From SLC To MCU: VFX Editor Hannah Long’s Super Career

Film Interviews

At edit bay for Cosmos – Photo Courtesy of Joel Long

By Patrick Gibbs

Every year at the Sundance Film Festival, Utah becomes a destination spot for filmmakers. For Hannah Long, a Lead Visual Effects Editor for Marvel Studios, Salt Lake is where it all began. “My family moved to Salt Lake when I was one year old,” Long says. “My dad‘s a … a creative writing teacher [and] a poet, so I always grew up around artists.” Long started doing theatre, taking classes and performing at City Rep’s Family Theatre (now the Parker Theatre), but her passion was always the cinema.”My dad would sit me down with Hitchcock marathons, and so at a very young age I was interested and I think I knew that this was what I was going to do my whole life. I knew that I was going to be a part of the film industry.”

Long started teaching herself editing at age 12, making short films out of clip art and anything she could find. In her late teens, she got involved with Spy Hop, a nonprofit digital arts center in Salt Lake that offers free classes to people aged 9–19. “That’s where I really learned how to become an editor,” Long says. “All the different aspects of filmmaking, from production [to] from directing to producing to shooting, I learned through them. I was actually able to skip college and then just hop into it.” Long moved to Los Angeles at 19, where she eventually landed a job as an editor on Cosmos: A Space Time Odyssey, a documentary series hosted by Neil deGrasse Tyson and executive produced by Family Guy’s Seth MacFarlane

”My dad would sit me down with Hitchcock marathons, and so at a very young age I was interested and I think I knew that this was what I was going to do my whole life. I knew that I was going to be a part of the film industry.”

This led to a job on the editing team for McFarlane’s goofball comedy Ted 2. Long then worked for McFarlane for two years, watching him go into the next room and recording jokes that he was writing on the spot. During that time, she was attending  “Gatsby-level” parties that McFarlane would throw for his crews. 

But it was while working on Netflix’s science fiction film Extinction that Long fell into working in visual effects. “It was a pretty low-budget movie, so we didn’t have anyone who would specialize in the visual effects,” Long says. “I mean, it was a sci-fi movie, so of course there were thousands of visual effects. They didn’t plan to have someone responsible for that, so I took on the task.”  This would be the project that would lead to a call from Visual Effects Producer David Masure-Bosco, who offered Long a job working on Avengers: Endgame

“Visual effects editors have a relationship with the VFX supervisors in helping them to realize their vision,” Long says. She started out editing the pre-visualization, which Long describes as “the next level up from storyboards.” Once the film enters production, the VFX editors work with the main editorial team to make temporary versions of effects shots, filling in the blue screens with placeholder images that can help producers and studio executives see the story as it’s coming together. They then send those sequences to the visual effects houses that create the final imagery. “And then we’ll bring that back into the cut and make sure everything is working together in context,” Long says.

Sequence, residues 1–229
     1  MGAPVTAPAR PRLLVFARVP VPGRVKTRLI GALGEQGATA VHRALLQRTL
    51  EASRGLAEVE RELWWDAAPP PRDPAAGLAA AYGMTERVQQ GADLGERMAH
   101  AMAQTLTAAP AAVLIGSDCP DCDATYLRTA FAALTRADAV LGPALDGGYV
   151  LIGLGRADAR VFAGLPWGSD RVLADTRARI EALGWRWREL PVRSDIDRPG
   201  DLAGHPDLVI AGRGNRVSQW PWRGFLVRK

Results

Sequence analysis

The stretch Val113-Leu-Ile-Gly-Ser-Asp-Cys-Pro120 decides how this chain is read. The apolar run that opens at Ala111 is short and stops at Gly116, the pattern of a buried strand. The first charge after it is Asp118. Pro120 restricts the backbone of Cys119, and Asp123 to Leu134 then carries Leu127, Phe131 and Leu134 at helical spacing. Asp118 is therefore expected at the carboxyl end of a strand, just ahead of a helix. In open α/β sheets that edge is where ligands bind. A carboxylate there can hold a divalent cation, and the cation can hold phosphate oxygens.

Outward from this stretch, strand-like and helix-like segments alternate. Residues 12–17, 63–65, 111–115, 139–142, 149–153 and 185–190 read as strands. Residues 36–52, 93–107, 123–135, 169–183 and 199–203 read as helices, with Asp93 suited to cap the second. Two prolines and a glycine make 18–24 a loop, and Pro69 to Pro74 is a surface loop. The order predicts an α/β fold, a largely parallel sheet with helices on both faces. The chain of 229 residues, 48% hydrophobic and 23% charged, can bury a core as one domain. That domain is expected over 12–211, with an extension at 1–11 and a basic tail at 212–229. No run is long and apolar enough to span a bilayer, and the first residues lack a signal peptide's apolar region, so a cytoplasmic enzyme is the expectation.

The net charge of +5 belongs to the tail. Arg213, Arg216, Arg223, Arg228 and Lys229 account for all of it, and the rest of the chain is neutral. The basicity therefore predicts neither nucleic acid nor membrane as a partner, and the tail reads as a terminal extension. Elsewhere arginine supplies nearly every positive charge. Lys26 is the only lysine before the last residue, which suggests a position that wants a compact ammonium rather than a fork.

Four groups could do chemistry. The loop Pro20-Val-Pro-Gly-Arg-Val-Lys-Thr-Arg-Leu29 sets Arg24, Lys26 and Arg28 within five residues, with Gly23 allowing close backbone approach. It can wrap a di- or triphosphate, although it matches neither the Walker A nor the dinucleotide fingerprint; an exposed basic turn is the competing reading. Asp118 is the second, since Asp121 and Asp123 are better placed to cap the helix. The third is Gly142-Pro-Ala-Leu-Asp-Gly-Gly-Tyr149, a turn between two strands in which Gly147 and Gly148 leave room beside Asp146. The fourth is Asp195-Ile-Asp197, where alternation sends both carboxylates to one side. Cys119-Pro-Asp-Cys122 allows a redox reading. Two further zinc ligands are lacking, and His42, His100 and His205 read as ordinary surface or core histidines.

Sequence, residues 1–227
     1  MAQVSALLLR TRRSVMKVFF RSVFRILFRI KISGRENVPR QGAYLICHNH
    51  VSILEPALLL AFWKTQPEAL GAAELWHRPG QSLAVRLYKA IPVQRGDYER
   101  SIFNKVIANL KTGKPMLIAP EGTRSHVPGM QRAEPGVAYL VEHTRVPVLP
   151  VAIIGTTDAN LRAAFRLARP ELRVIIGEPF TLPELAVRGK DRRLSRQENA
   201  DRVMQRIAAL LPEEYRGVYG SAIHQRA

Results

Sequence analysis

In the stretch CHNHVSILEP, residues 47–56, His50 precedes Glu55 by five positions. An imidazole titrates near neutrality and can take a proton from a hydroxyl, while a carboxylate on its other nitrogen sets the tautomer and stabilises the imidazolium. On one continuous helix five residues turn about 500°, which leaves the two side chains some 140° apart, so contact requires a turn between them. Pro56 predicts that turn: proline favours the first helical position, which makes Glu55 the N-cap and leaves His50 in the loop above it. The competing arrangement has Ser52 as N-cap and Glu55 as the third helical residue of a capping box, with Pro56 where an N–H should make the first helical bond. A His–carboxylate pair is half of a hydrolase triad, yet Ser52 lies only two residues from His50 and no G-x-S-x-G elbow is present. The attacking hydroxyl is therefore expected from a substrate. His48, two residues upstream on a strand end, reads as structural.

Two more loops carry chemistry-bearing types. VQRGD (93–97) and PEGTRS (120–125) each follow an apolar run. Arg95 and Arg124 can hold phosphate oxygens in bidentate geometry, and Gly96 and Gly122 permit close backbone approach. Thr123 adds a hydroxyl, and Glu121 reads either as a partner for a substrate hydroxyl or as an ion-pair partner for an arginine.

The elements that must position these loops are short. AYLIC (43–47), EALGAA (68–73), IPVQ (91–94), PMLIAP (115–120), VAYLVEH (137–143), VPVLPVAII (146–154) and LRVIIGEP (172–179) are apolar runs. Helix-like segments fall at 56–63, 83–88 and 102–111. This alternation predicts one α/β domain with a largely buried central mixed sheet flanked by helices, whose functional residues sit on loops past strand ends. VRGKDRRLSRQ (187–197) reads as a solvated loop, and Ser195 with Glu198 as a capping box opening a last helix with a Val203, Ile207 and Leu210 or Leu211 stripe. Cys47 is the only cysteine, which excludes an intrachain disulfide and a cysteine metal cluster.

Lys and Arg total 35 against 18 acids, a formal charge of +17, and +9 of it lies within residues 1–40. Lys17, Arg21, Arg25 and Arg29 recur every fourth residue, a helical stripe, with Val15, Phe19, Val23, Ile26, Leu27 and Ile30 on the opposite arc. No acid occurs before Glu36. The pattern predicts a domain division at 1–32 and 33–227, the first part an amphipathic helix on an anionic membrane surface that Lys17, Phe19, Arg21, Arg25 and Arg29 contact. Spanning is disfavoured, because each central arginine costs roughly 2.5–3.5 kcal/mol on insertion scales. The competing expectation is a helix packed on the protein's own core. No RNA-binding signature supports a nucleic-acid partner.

Wall of the Vanished – Photo Courtesy of Marvel Studios

While doing Avengers: Endgame, Long got a very unexpected perk when she was immortalized in a sequence wherein Scott Lang/Ant-Man (Paul Rudd) is searching through names on “The Wall of the Vanished”, a memorial dedicated to people who were lost when super villain Thanos snapped half of the universe out of existence. “It was mostly luck,” Long says, laughing. “I’m very lucky that Long is very close to Lang. They needed a couple hundred names, and you have to have every name that you show clear.” Since it’s much easier to get permission for name use from those involved with the production, Long was asked to provide her and her sister’s names. “I brought my sister to the premiere. I didn’t tell her it was gonna be on there, so when it popped up, she screamed and was so excited.”

Long has since moved to working full time for Marvel Studios, doing some work on Eternals and the limited-run series Hawkeye, which premieres on Disney Nov. 24. While visual effects have become a major part of Long’s career, it’s not necessarily her own endgame. She has ambitions to move into a Lead Editor position and eventually to produce and direct. While Long loves working for Marvel, she still loves smaller indie films and dramas and continues to work on both types. “I still love documentaries…I just love films,” Long says. With an increasingly impressive resume, it seems that Hannah Long will be working on them for many years to come.